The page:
(Dis)ordering the City: Buildings, Bodies and Urban Space

Emily Speed in conversation with Duncan Light

Location: Bluecoat Arts Centre (Liverpool)
Year: 2016

(Dis)Ordering the City focused on the making and reshaping of urban space. In particular, it explored the relationship between official urban planning processes and the subversion of city spaces by the people who use them. Drawing upon their own creative and academic research, artist Emily Speed and geographer Duncan Light examined the ways in which urban spaces are performed, and how certain practices – such as walking, urban exploration and the creation of ‘desire lines’ – might be viewed as tactics for ‘disordering’ the city.

Emily Speed works in sculpture, installation and performance and her work is concerned with the relationship between the body and architecture. During 2016 she has solo exhibitions at TRUCK, Calgary and a major new commission at Fort Worth Contemporary Arts, Texas. Recent exhibitions include Plymouth Art Centre; g39, Cardiff; Oredaria Gallery, Rome; Laumeier Sculpture Park, St Louis, USA; Yorkshire Sculpture Park and Musée Cantonal des Beaux-Arts, Lausanne, Switzerland. Speed’s work is held in the Arts Council Collection, Tate Artists’ Books Collection and her artists’ books are held in numerous libraries in the US including Yale, Library of Congress and MIT.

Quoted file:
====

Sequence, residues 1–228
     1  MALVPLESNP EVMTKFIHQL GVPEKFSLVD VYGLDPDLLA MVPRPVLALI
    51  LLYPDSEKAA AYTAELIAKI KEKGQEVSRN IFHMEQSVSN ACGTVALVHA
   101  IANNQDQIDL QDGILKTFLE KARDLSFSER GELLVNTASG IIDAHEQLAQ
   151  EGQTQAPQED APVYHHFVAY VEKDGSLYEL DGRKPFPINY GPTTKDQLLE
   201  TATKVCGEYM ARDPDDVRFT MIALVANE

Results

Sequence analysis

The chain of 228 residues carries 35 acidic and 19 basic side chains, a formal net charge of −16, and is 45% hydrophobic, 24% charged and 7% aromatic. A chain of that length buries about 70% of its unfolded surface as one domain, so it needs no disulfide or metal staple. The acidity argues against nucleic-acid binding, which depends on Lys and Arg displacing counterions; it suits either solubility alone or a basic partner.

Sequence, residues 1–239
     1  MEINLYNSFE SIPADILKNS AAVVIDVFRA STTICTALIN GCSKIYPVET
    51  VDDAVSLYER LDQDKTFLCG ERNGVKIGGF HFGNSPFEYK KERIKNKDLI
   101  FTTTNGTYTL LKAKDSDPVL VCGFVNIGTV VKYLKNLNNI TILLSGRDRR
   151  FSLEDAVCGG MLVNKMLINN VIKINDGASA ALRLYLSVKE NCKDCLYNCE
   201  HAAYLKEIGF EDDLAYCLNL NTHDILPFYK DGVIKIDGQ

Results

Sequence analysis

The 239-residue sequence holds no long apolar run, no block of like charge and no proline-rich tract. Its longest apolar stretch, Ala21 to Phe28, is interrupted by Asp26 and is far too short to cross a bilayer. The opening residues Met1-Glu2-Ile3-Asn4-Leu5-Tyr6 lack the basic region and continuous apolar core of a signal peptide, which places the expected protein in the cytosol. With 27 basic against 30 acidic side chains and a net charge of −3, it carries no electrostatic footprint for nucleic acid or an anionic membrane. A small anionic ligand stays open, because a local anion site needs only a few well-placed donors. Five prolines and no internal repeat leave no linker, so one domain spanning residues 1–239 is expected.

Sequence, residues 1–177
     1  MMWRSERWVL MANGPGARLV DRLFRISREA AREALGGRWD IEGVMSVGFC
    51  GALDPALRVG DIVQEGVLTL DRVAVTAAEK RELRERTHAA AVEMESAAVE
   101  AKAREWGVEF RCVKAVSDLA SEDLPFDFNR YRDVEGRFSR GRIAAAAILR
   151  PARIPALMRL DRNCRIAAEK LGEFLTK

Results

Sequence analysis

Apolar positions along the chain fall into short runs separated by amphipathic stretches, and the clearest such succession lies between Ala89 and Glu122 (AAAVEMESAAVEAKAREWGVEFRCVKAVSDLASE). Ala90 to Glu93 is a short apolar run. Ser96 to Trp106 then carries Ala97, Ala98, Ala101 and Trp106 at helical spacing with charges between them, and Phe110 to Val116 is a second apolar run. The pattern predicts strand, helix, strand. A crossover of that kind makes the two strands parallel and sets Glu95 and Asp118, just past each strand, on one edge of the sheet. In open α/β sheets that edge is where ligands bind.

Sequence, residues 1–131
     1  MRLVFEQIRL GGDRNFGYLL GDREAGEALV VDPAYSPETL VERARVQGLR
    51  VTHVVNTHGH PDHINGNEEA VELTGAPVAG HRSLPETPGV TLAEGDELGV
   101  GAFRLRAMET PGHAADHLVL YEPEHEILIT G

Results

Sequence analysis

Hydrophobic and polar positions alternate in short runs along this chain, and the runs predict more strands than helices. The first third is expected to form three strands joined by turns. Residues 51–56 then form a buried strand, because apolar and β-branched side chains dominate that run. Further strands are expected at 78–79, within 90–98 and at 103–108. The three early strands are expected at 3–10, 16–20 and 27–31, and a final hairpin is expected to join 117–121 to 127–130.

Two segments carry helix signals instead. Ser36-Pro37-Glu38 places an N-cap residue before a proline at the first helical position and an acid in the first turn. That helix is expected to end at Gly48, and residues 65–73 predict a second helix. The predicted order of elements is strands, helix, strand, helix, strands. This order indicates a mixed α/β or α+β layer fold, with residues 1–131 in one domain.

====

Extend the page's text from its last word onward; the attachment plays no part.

Dr Duncan Light is senior lecturer in the Department of Tourism and Hospitality at Bournemouth University. A human geographer by background, he worked for 20 years in Liverpool before moving to Bournemouth. He has research interests in urban landscapes, particularly in Romania (a country he has visited regularly for more than 20 years). In particular, his research has explored the efforts to remake the ‘official public landscape’ created by Romania’s communist regime in the post-communist period. He has published papers on these issues in a range of journals and has also contributed chapters to a number of recent edited volumes about post-communist change.

In Certain Places

VB005A, Victoria Building
University of Central Lancashire
Preston, PR1 2HE